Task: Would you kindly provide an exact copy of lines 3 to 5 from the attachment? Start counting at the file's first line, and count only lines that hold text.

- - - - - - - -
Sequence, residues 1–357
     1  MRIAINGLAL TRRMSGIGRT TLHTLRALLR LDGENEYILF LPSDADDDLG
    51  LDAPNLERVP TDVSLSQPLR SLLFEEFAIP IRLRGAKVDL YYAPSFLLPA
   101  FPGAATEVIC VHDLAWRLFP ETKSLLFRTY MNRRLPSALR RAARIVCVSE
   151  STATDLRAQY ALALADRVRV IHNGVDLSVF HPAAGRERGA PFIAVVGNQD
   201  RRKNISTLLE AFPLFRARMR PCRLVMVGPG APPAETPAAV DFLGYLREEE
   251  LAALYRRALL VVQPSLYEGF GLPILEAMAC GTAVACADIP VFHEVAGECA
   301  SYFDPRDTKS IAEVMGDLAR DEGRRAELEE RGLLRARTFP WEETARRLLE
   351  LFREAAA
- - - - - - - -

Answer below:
    51  LDAPNLERVP TDVSLSQPLR SLLFEEFAIP IRLRGAKVDL YYAPSFLLPA
   101  FPGAATEVIC VHDLAWRLFP ETKSLLFRTY MNRRLPSALR RAARIVCVSE
   151  STATDLRAQY ALALADRVRV IHNGVDLSVF HPAAGRERGA PFIAVVGNQD